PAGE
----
Nevertheless, I will not deny that our proposals have not instilled in you the trust that you need. And, at the same time, the institutions’ proposals that Mr Juncker conveyed to PM Tsipras cannot engender the hope that our citizens need. Thus, we have come close to an impasse.
At this, the eleventh hour, stage of the negotiations, before uncontrollable events take over, we have a moral duty, let alone a political and an economic one, to overcome this impasse. This is no time for recriminations and accusations. European citizens will hold collectively responsible all those of us who failed to strike a viable solution.
Even if some, misguided by rumours that a Greek exit may not be so terrible or that it may even benefit the rest of the eurozone, are resigned to such an event, it is an event that will unleash destructive powers no one can tame. Citizens from all over Europe will target not the institutions but their elected finance ministers, their prime ministers and presidents. After all, they elected us to promote Europe’s shared prosperity and to avoid pitfalls that may harm Europe.
Our political mandate is to find an honourable, workable compromise. Is it so difficult to do so? We do not think so. A few days ago Olivier Blanchard, the IMF’s chief economist published a piece entitled ‘Greece: A Credible Deal Will Require Difficult Decisions by All Sides.’ He is right, the three operative words being ‘by all sides’. Dr Blanchard added that: “At the core of the negotiations is a simple question. How much of an adjustment has to be made by Greece, how much has to be made by its official creditors?”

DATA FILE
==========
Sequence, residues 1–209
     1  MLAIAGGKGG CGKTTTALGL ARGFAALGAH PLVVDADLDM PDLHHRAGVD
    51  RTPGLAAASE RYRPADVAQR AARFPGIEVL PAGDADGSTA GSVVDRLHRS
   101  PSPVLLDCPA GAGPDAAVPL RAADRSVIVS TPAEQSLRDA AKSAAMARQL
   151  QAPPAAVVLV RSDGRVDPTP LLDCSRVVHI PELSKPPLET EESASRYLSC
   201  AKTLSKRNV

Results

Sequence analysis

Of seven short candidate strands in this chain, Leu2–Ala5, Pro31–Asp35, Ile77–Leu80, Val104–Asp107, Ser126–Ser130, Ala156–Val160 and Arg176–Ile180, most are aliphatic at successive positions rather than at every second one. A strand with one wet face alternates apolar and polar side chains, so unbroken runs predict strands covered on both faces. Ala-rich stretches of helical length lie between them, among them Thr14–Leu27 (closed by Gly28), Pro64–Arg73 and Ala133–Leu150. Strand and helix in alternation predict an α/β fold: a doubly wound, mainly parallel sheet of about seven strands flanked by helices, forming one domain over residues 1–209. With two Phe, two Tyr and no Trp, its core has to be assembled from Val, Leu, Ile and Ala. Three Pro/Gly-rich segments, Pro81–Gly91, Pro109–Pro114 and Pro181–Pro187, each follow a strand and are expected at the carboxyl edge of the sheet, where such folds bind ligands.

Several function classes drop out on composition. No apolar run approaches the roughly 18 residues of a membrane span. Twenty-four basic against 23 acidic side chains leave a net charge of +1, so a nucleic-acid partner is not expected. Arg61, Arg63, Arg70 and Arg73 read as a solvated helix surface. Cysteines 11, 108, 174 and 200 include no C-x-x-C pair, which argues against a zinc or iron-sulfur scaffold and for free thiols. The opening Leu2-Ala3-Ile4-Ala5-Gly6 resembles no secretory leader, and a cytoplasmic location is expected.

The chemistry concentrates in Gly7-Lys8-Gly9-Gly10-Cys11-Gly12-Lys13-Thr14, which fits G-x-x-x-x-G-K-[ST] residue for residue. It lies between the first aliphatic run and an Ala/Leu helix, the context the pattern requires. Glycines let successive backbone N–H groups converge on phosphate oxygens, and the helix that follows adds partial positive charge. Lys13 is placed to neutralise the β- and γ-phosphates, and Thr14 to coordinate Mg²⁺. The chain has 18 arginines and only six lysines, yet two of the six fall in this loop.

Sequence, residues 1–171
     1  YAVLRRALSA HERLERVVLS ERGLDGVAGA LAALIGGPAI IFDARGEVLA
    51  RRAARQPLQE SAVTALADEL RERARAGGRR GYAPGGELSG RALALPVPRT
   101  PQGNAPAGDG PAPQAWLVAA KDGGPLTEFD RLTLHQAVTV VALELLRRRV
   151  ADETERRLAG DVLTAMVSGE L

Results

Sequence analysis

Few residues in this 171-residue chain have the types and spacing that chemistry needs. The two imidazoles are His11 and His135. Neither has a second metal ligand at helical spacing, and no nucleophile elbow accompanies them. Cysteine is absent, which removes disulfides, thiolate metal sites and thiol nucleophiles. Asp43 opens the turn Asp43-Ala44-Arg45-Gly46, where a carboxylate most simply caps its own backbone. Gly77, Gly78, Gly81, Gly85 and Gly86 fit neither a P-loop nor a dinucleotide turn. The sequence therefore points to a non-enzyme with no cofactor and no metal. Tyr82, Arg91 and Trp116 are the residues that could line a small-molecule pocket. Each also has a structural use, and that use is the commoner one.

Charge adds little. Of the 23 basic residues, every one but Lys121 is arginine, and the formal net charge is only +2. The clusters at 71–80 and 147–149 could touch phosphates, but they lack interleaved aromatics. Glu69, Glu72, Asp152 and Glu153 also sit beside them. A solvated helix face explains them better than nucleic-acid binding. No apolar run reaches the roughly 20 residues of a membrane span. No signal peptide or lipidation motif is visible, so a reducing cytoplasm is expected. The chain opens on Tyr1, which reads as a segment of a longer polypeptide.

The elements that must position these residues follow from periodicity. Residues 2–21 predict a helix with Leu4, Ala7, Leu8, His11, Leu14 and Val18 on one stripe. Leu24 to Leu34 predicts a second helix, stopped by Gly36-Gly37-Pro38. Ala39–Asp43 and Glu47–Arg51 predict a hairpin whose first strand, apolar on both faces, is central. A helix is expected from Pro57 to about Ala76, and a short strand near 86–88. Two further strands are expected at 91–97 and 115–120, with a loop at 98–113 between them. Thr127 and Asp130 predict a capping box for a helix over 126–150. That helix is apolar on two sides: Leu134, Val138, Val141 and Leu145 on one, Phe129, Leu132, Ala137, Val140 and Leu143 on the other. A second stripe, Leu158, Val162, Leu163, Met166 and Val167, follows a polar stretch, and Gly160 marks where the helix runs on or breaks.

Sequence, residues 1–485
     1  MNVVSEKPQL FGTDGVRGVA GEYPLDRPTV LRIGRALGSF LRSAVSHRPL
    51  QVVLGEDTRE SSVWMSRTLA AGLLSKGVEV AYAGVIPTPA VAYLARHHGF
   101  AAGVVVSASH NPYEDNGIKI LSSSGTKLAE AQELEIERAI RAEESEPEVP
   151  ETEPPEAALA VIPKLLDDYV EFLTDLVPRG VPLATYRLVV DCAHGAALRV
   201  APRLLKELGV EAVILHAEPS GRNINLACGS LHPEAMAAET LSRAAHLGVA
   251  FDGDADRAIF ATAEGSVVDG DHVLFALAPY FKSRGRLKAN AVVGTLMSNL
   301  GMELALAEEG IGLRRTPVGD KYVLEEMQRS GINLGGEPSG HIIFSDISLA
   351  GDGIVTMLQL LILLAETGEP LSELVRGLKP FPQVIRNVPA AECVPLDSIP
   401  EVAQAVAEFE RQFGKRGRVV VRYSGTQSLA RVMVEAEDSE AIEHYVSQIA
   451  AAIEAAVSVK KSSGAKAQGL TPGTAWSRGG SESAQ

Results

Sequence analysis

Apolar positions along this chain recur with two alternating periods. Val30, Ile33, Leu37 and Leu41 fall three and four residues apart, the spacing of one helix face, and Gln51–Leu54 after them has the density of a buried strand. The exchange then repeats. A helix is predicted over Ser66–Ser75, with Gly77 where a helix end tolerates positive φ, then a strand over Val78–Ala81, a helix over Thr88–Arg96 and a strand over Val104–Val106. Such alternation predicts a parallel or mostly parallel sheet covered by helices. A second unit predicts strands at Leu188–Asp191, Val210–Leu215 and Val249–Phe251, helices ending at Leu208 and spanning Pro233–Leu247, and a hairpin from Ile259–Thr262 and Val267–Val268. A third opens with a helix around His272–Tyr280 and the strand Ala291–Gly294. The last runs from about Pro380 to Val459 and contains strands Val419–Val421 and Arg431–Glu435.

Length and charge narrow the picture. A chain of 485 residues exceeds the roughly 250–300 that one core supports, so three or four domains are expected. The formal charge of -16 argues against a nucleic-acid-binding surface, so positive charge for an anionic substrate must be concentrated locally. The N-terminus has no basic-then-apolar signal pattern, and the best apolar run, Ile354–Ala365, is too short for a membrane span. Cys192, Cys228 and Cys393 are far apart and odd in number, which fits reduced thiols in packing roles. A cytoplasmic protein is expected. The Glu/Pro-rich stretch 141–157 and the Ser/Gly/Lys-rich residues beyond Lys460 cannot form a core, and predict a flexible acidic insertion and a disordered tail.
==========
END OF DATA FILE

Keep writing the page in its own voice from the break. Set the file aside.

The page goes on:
That Greece needs to adjust there is no doubt. The question, however, is not how much adjustment Greece needs to make. It is, rather, what kind of adjustment. If by ‘adjustment’ we mean fiscal consolidation, wage and pension cuts, and tax rate increases, it is clear we have done more of that than any other country in peacetime.
▪ The public sector’s structural, or cyclically adjusted, fiscal deficit turned into a surplus on the back of a ‘world record beating’ 20% adjustment
▪ Wages fell by 37%
▪ Pensions were reduced by up to 48%
▪ State employment diminished by 30%
▪ Consumer spending was curtailed by 33%
▪ Even the nation’s chronic current account deficit dropped by 16%.